‘The aim of the healthy eating agenda, as part of Healthy FE, was to inform the students about the benefits of eating healthily to help and encourage students and staff to make positive informed choices about what to eat. The long-term aim is to go one step further and engage students to become increasingly interested and aware of the contents of their food (e.g. in terms of sugar, salt and fat) and for students to gradually choose to adopt a balanced diet – this links in with the college’s mission statement to inspire and support students and staff to achieve success.’ Mike Daisy, enrichment manager, Stanmore College
Across the whole college, the following activities were put in place:
- The new catering company has an in-house nutritionist who has been extremely proactive in diversifying the food offered. The catering team has created a salad bar which is open to students and staff every day of the week. There has been an increase in soups being served, as well as healthier breakfast options such as fresh coffee, toast and muffins. These improvements have led to students and staff using the vending machines less frequently.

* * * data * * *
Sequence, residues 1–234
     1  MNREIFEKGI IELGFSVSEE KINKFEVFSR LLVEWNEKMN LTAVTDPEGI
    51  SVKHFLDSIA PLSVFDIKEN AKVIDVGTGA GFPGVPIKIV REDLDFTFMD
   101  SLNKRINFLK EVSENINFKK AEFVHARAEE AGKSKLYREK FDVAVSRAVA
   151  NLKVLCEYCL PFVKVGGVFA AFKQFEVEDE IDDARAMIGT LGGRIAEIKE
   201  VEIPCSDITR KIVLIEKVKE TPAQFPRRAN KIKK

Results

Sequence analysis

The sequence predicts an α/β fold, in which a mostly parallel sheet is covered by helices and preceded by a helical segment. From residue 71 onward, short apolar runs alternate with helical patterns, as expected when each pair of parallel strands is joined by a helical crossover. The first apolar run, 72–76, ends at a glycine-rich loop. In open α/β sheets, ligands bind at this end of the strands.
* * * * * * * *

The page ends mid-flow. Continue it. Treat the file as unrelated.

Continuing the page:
- Health Awareness Week is run annually every January, linking in with students and staff who may have made New Year’s resolutions. The college helps to support both students and staff members to make positive changes in their eating and lifestyle habits to reaffirm their New Year’s resolutions and works with a range of community partners at the Health Awareness Week. These include:
- NHS Harrow setting up a stall and sharing facts about maintaining a healthy body weight as well as sharing insights into food labelling.